NNSCPHD093  Philosophy of science and research ethics (Gamborg - generic course)

Volume 2015/2016
Content

The aim of the course is to give an introduction to the methodological, philosophical and ethical problems in scientific research.

The course seeks to enhance the capability of participants to formulate the methodological foundation of their thesis work, review their approach used and reflect on research ethics, including good research practice guidelines and the relation between research and society, including science communication.

How to write the introductory part of the thesis - how to design your research? The aim of the course is to give an introduction to the methodological, philosophical and ethical problems in scientific research. The course seeks to enhance the capability of participants to formulate the methodological foundation of their thesis work, review their approach used and reflect on research ethics.

Just started on you PhD?
Maybe wondering about: What is the difference between natural and social science research? How to design my research?

Well under way – just about to finish your Phd? Maybe wondering about: What is actually my theoretical underpinning? What should I write in my Introduction/methodology part of the thesis?

What is this thing called (philosophy of) science?
Research design
What is included in a good research design?
Purpose, research questions and hypotheses, type of approaches
Main philosophies underlying modern scientific practice part I
Writing the Introduction
Good scientific conduct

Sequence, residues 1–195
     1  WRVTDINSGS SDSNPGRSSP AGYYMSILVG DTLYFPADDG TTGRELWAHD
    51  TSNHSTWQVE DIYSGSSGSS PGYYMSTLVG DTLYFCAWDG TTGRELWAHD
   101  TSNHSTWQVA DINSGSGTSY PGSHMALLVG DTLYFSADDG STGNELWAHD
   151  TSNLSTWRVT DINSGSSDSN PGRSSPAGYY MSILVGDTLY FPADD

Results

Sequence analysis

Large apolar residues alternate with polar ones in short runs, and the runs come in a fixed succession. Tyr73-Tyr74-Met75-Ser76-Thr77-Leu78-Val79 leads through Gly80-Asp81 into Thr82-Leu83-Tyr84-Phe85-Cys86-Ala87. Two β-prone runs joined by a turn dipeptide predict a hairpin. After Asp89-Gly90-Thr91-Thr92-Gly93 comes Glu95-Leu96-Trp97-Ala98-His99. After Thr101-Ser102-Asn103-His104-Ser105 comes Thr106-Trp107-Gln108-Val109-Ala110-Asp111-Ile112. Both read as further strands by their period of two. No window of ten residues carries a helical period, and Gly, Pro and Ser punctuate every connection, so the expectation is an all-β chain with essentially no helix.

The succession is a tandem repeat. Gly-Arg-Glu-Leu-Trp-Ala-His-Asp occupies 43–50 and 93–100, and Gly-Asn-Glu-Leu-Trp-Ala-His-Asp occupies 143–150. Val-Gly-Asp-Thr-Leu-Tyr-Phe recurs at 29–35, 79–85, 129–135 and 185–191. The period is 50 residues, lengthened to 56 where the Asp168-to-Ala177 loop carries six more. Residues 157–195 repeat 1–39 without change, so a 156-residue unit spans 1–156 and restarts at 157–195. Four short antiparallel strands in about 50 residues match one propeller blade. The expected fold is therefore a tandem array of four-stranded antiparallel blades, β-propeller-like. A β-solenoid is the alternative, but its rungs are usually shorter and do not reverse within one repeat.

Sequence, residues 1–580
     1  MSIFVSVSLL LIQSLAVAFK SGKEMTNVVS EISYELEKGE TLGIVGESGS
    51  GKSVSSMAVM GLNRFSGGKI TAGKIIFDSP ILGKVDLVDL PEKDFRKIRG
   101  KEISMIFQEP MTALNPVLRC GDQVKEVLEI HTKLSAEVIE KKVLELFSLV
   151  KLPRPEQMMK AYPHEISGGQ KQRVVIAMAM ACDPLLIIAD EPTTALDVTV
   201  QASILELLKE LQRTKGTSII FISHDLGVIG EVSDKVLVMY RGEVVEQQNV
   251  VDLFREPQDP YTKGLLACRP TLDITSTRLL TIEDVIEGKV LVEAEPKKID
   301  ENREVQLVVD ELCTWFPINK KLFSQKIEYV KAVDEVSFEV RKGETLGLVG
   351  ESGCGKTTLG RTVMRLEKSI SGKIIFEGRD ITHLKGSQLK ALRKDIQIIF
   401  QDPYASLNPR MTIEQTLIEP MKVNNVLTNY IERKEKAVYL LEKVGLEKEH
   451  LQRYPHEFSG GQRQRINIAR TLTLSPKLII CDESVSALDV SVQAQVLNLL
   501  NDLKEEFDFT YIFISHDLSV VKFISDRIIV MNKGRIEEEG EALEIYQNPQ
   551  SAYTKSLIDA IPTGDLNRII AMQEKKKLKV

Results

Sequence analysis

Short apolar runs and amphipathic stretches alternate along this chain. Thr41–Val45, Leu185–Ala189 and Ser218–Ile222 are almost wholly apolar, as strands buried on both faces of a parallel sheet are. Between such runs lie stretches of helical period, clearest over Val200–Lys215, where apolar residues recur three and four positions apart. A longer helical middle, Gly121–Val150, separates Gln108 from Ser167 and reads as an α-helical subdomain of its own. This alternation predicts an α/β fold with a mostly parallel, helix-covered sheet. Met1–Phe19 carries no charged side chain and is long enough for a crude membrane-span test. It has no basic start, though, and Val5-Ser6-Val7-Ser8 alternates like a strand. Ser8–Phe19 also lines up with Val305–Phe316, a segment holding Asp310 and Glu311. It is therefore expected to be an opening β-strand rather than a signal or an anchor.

Researcher’s virtues and vices
Science communication
What are the main problems in communicating your science?


After the course, students will be able to better formulate and understand the scientific theoretical underpinning of their thesis research within applied sciences of natural or social sciences as well as humanities,and be able to better handle contact with society on their research.

Learning Outcome

Participants will gain basic knowledge in philosophy/theory of science, especially with regard to applied natural and social science within LIFE relevant disciplines (e.g. forestry, agronomy) and in particular with a view to select themes from the participants’ PhD projects. Emphasis is on actual scientific practices, e.g. observations, measurements, experiments, validation as well as conduct and values in research training.

Rosenberg, A. 2012. Philosophy of science. A contemporary introduction. Third edition. London: Routledge.

Creswell, J.W. 2009. Research design. Qualitative, quantitative, and mixed methods approaches. London: Sage. 260 pp.

Laake, P, Benestad, H.B. & Olsen, B.R. (eds.) 2007.Research methodology in the medical and biological sciences. London: Academic Press. 483 pp.

Bryman, A. 2008. Social research methods. 3rd edition. Oxford: Oxford University press. 748 pp.

Paltridge, B. & Starfield, S. 2007. Thesis and dissertation writing in a second language. London. Routledge. 192 pp.

Briggle, A. & Mitcham, C. 2012. Ethics and science. An introduction. Cambridge: Cambridge University Press

Bowater, L. & Yeoman, K. 2012. Science communication: A practical guide for scientists. Oxford: Wiley.

5 days (4-6 hours each) over two weeks Lectures, participant presentations, investigative discussions, pre-assignment, formative feedback, assignment Each participant brings the introductory part/methodology section of their PhD thesis (which can be in at any stage prior to submission) to work on during the course.
Credit
3 ECTS
Type of assessment
Written assignment
Marking scale
passed/not passed
Censorship form
No external censorship
  • Category
  • Hours
  • Lectures
  • 20
  • Preparation
  • 25
  • Colloquia
  • 5
  • Project work
  • 30
  • Total
  • 80